News and Press

Institute for Complex Molecular Systems opens new accommodation

  • 01 October 2012
The new housing of ICMS, the renovated boiler house. Photo: Bart van Overbeeke.

The Institute for Complex Molecular Systems (ICMS) at TU/e opens its new facility on Thursday 4 October. The university has transformed its former boilerhouse dating back to 1959 into an architecturally special building for a special user: ICMS. Named the Ceres building, this highly transparent and spacious accommodation is intended to become a focal point for international synergies among scientific researchers. And it will be the location at which ICMS will work further on its mission: reaching breakthroughs in the engineering of complex molecular systems.

Knowledge of molecular self-assembly is a relatively new and exciting field of scientific research, which takes nature itself as its major source of inspiration. In nature, molecules are able to organize themselves in very special ways so that processes take place as if by themselves. Just two examples are the healing of wounds and the division of cells. ICMS, founded in 2008 by TU/e, aims to gain a deeper understanding of complex molecular self-assembly processes of this kind. This will enable the development of completely new materials and functional molecular  systems such as cultured kidney tissue and molecular ‘motors’. To do this the institute brings together knowledge of chemistry, mathematics, physics, biology and engineering. The scientific director is Spinoza Prize winner prof. Bert Meijer, and around 120 researchers are members of ICMS.

Renowned scientists
ICMS aims to offer scientists from varying backgrounds an inspiring and enabling environment, with a high level of freedom in which to reach new breakthroughs in knowledge. For this reason the new facility also has an Advanced Study Center, in which renowned scientists from a wide range of disciplines can work for longer periods, and where workshops will be organized with complexity as their overarching theme. The kick-off for these activities will take place during the opening symposium on Thursday 4 October, at which the speakers will be top scientists prof. Samuel Stupp (Northwestern University), prof. Takuzo Aida (University of Tokyo), prof. Christof Schütte (Freie Universität Berlin) and prof. Ewine van Dishoeck (Leiden University), together with TU/e Rector Magnificus prof. Hans van Duijn and prof. Bert Meijer.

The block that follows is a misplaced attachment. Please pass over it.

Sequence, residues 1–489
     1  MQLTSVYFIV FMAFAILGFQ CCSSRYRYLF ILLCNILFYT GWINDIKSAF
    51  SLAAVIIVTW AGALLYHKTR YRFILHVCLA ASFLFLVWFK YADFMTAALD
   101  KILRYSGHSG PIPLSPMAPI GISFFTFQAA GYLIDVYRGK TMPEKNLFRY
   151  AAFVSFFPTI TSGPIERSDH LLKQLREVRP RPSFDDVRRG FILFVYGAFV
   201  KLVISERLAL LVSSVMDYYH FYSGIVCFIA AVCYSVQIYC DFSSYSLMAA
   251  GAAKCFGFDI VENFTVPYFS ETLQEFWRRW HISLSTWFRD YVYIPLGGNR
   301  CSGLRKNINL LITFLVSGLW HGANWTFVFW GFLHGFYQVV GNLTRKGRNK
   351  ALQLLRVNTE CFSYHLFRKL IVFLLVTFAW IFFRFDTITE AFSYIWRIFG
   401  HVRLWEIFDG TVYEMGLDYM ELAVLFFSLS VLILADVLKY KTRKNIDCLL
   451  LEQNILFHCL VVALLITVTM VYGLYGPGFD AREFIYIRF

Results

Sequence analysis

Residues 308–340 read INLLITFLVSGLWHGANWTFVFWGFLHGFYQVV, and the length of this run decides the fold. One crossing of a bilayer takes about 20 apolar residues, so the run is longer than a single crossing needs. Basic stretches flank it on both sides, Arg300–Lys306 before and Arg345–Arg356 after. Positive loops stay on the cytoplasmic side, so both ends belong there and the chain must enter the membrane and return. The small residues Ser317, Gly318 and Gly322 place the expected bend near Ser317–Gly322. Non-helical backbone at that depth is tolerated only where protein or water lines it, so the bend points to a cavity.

The activities of the Eindhoven Multiscale Institute and the Eindhoven Polymer Laboratories will also be based in the Ceres building.

Meeting place
ICMS moved during the summer to the new Ceres building, which has a very open atmosphere to promote synergies and connections between people. Ceres consists of offices, laboratories, meeting rooms and a large, open central meeting place extending over the full length of the building. Built in 1959, Ceres formerly served as a central boilerhouse. Architects diederendirrix have succeeded in preserving the historical and industrial character of Ceres to a large extent, and have transformed it into a building with a very distinctive architectural ambiance. The 70 meter high brick chimney next to the building has also been preserved. The costs of the rebuilding project were a total of around 3.5 million euros.

For more information about the opening symposium, please visit http://bit.ly/TcboZ4